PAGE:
There’s no getting away from it, you’re going to have to pay your taxes in Japan: so how, when and how much should you expect to have to pay? Please note that we are not tax accountants and this section is not an official tax site, just a starting point for you to get an overview of the tax system in Japan. Please read our disclaimer. Taxes in Japan are broken up into two major categories: National Tax and Local Tax. After that, it gets very complicated! There are more than 25 additional taxes on “consumption”, including everything from “bathing tax”, “golf course utilization” (no, this isn’t a joke!) to “gasoline tax” (part of the reason prices are 2 to 3 times higher than in the US). This may sound alarming, but the vast majority of these taxes are already included in the price you pay. An overview of the various tax types follows…
The Japanese income tax is progressive, meaning that the more you make the higher the rate of the tax to be paid will be. In 2007 the tax rate was between 5-40%. There is a standard basic deduction of 380 000 yen per year for each individual – if you earn less than that amount you will not be required to pay any income taxes. When calculating your earned income keep in mind that apart from your regular salary, any bonuses, house allowances and so on is also subject of taxation. Commutation compensation is non-taxable up to a certain amount (depending on way of commutation). Commutation by public transportation has a non-taxable amount of up to 100 000 yen per month in reasonable fares. There are a number of deductions that can be made and especially if you have your own company the possibilities for deductions is well worth checking out. As your income tax obligations as a foreigner in Japan can be quite complicated – it’s highly recommended that you talk to a tax advisor before coming to Japan.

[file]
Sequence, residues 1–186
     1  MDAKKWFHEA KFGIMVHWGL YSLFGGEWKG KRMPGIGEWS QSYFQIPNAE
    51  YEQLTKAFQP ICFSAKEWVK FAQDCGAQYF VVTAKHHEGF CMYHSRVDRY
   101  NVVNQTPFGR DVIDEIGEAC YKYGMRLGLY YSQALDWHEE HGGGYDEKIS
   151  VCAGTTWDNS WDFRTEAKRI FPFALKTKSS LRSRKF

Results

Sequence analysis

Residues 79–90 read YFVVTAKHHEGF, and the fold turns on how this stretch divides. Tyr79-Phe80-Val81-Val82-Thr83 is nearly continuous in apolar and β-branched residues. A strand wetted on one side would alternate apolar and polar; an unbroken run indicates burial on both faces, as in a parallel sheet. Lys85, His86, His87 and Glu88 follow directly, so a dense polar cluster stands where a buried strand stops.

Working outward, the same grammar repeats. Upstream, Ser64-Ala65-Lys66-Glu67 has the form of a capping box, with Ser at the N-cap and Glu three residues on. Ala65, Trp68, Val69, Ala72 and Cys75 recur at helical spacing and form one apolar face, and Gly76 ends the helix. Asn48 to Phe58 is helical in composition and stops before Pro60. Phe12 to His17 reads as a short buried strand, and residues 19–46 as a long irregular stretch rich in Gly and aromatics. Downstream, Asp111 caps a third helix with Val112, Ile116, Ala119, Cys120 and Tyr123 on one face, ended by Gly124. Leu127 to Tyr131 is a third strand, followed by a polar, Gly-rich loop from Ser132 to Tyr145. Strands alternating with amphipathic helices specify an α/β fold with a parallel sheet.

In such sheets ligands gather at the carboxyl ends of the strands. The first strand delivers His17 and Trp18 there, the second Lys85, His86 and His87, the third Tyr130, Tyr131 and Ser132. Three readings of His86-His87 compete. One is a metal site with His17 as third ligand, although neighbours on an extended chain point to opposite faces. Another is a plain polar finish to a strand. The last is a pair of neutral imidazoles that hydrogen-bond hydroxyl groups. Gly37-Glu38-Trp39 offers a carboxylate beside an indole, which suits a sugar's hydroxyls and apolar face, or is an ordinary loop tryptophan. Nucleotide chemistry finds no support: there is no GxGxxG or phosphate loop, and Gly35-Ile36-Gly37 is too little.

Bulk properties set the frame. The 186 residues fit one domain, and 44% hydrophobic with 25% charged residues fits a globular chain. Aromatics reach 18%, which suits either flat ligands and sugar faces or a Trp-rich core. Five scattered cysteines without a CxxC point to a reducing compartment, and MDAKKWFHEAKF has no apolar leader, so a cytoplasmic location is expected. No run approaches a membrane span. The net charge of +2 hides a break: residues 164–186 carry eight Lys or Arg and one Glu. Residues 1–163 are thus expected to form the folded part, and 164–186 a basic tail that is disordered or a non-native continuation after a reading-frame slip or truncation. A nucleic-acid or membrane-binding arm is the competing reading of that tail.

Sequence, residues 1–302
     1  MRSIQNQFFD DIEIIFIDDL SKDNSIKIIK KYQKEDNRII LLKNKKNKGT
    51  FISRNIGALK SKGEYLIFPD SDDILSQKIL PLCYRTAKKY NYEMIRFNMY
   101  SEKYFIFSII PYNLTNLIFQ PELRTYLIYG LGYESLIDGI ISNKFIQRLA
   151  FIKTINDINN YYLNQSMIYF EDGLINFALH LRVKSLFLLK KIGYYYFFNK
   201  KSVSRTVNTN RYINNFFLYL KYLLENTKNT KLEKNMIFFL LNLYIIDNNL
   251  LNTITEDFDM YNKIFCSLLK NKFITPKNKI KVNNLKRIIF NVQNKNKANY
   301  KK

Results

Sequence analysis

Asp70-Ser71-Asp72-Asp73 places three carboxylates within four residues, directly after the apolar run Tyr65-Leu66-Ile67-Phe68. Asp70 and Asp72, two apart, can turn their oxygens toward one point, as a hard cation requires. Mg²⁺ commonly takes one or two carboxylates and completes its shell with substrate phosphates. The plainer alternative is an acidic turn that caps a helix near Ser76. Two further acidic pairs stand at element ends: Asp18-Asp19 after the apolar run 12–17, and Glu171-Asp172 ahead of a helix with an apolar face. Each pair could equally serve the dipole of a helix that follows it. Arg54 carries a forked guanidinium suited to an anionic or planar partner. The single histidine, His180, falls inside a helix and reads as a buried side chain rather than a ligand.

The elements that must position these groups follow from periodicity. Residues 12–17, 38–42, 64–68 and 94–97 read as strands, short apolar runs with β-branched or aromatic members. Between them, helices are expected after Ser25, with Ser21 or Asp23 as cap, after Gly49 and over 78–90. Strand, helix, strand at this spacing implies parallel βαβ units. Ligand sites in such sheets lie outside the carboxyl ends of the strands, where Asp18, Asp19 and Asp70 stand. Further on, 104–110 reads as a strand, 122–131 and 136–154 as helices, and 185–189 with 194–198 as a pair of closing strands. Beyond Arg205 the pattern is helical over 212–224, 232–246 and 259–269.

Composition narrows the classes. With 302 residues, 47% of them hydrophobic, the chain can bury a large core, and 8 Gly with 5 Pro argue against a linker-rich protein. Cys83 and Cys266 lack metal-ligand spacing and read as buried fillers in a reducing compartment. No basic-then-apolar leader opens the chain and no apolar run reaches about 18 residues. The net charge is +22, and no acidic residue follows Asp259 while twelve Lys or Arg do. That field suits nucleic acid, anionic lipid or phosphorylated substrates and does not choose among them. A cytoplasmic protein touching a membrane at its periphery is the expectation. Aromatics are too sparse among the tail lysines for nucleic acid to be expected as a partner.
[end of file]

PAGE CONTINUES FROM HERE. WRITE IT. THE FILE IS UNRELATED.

Status and responsibilities
Japan bases income tax obligations on resident status which is divided into Resident and Nonresident. In most cases, you will be responsible for income tax generated outside of Japan if you are a resident of Japan. Conversely, you may be responsible for income generated in Japan even if you are a non-resident, depending on: 1) Whether the actual transfer of funds takes place inside or outside of the country and 2) On the type of tax treaty that your country has with Japan.
A Resident is defined as someone who has domicile in Japan or has had a residence in Japan for one year or more. Those who do not fall under the status of Resident will be considered a Non-resident. Resident status is then divided into Non-permanent resident and Permanent resident.
If you are not a Japanese national and have have stayed in Japan for an aggregated time period of five year or less within the last ten years you are considered to be a Non-permanent resident otherwise you will be taxable as a Permanent resident. A Non-permanent resident has to pay taxes for incomes earned in Japan as well as incomes from sources abroad that are paid in Japan. A Permanent resident is taxable for all incomes from Japan and abroad. Filing a Tax Return
The individual income tax is based on a self-assessment system in Japan. Each taxpayer is required to calculated their tax and fill out a Final Tax Return form to give to the Tax Office. The final tax will then be calculated and adjustments will be made regarding the amount of actual tax you have paid and the amount you should have paid. Depending on how much you have paid in during the year and your final tax you might need to pay in extra or you could get a tax returns paid back to you.
If you are employed and you’re company withdraws money from your salary to pay taxes you might not need to to fill out a Tax return. Any final year adjustments will be made by the company and the adjustments will be seen on your pay slip. However you can always fill out a Tax return if you for example have deductions that you wish to make. If your company do not handle your tax payments or if your total employment income exceed 20 million yen you need to fill out a Tax Return. Also note that it is the total earned income that you are taxable for which means that if you have more than one employer or engage in other income earning activities you need to add all the incomes together.
The Tax Return should be handed in to the Tax Office where you live during the period of February 16 to March 15 of the following year and the tax should be paid before March 15.